Halladay beats him on rate stats though - and has much better control...

I see Luque as having the (quite a bit) better peak, and Halladay as having (modestly) superior career value. Both were excellent in the postseason - Luque with better rates, Halladay with more volume. I could be convinced to flip my ballot positions on these two; I'd be interested to hear arguments pro and con.
   261. Rob_Wood Posted: December 07, 2018 at 06:28 PM (#5795229)
Yes, welcome to all new voters!

I honestly don't think I have ever had Dolf Luque on any of my previous HOM ballots, but I will definitely give him another serious look. Just as a quick comment: I don't think Luque's post-season performances moves the needle in the slightest for me. Three relief appearances in World Series (his 1933 appearance was very good) for which his regular-season performance had little to do with winning the pennant. I am not dinging him for that, of course, but it is not much of a positive for me.

Also, as mentioned up-thread, over the years we HOM voters have been able to "coalesce" to elect various hitters but not so much for pitchers. I think many of us will rank several pitchers high on our upcoming ballot since most of the comparable position players in our personal HOM's have already been elected. Pitchers present such diverse bodies of work that different voters will inevitably value different pitchers. Accordingly, it is often difficult to elect borderline pitchers, the result being that pitchers are "under-represented" in the HOM.

Maybe we'll wind up electing two or three of Halladay, Rivera, Redding, and Tiant this year which should help rectify our pitching shortage.
   262. Bleed the Freak Posted: December 08, 2018 at 02:36 PM (#5795379)
2. Dolf Luque (Cuba & MLB careers both considered)
3. Roy Halladay (my, it's a pitcher's year!- but in part, I'm acknowledging the consensus of the educated populace here)
4. Dick Redding (I think he would've had a long & productive career in MLB)
5. Jim McCormick (monstrous WAR that the timeline can't overcome)
6. Luke Easter (I'm a believer, and could be persuaded to rank him higher)
7. Phil Rizzuto (defense and WWII credit get him here)


Well thought out ballot progrockfan, welcome to the show.

As we can only speculate on Luque, it's hard to push him ahead of Halladay and the MLEs that Doc has produced on Redding, but Dolf has been of interest for me also for a long time, good to see someone else interested in his candidacy.

As to McCormick, he's a monster in Baseball Reference WAR, he's merely ok in Baseball Gauge, and he's woeful with Fangraphs (although FIP from that time era might be close to useless).

Using Doc's CHEWS+, McCormick scores a 92, others from the time era:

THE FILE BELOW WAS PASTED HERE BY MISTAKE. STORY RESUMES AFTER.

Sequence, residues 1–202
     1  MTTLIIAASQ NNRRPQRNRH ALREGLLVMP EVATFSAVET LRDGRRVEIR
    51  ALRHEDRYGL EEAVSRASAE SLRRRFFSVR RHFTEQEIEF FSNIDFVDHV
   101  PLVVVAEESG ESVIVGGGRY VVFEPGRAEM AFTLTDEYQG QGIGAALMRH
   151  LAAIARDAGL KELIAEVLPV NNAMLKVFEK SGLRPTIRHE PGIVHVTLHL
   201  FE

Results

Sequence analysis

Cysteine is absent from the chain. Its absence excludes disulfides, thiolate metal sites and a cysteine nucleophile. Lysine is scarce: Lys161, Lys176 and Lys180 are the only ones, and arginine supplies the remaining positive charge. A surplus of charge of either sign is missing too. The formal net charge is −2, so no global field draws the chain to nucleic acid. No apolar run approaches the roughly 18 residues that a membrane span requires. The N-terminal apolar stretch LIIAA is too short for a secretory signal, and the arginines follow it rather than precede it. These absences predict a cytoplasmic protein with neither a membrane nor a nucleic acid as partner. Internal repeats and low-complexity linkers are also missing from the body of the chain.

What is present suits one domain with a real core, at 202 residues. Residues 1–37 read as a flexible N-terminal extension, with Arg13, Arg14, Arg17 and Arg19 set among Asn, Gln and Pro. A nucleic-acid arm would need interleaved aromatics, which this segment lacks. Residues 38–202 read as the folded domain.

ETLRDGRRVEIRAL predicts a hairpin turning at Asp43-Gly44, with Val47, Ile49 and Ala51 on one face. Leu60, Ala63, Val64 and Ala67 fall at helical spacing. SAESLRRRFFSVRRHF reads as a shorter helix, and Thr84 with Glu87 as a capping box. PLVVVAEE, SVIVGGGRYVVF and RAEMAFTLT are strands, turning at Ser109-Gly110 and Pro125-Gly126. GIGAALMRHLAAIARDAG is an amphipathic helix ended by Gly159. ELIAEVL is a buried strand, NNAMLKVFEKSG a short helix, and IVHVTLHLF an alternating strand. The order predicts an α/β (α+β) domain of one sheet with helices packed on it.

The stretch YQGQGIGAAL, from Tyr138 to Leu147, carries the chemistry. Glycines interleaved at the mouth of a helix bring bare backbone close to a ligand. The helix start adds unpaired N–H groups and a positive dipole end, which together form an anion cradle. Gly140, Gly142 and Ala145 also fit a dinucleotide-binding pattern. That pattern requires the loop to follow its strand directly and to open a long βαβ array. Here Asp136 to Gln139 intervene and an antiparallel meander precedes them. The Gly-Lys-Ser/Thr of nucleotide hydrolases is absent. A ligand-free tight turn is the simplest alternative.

John Clarkson 138, Tim Keefe 126, Amos Rusie 117, Old Hoss Radbourn 98, Charlie Buffinton 98, Clark Griffith 95, Pud Galvin 95.
I may quibble with the ordinal ranking of these 7, but I would place all of them ahead of Jim.

A tough item to tackle is valuing McCormick's excellence in the UA, a decidedly minor league in quality.
Also, Tommy Bond was impressive in the 1870s, I balloted him last year, but I struggle with how to slot these EARLY pitchers.

Easter is intriguing, he was so good late in his career that it would be easy to see him as a HOMer, but the data we have doesn't necessarily support this.

If you like Phil Rizzuto, checkout his clone Johnny Pesky, I grapple with having these guys as low level HOMers or at the top of the hall of very good pile.

As to the discussion of Santana, myself and some others see him as pretty similar to Sandy Koufax, without the post-season value, but also without a TERRIBLE bat.
No question, Spahn was light years more valuable than Koufax, it's just a matter of Johan being above the line and worthy of a ballot spot, hopefully we can't persuade you : )

Where do you stand on Urban Shocker, and the defensive DRA darlings Bobby Veach, Art Fletcher, Joe Tinker, Harry Hooper, and Sam Rice?

Any catchers within sniffing distance?
   263. Rob_Wood Posted: December 08, 2018 at 03:30 PM (#5795399)
I have done another dive into player evaluations.

In the unlikely event that anyone besides me utilizes CPASR in player evaluations, I have re-discovered that relief pitchers are a bit tricky to handle properly in that framework. I now believe that a more indicative figure for Mariano Rivera's CPASR is 0.652 (rather than the 0.863 posted above in post #238).

Here is my preliminary ballot:

1. Roy Halladay
2. Luis Tiant
3. Dick Redding
4. Mariano Rivera
5. Tommy Bridges

6. Jeff Kent
7. Kenny Lofton
8. Johan Santana
9. Sammy Sosa
10. Ben Taylor

11. Todd Helton
12. Urban Shocker
13. Andruw Jones
14. Buddy Bell
15. Phil Rizzuto

-----

16. Sal Bando
17. Bob Johnson
18. Andy Pettitte
19. Bus Clarkson
20. Bucky Walters

21. Bobby Bonds
22. Buddy Bell
23. Kevin Appier
24. John Olerud
25. Art Fletcher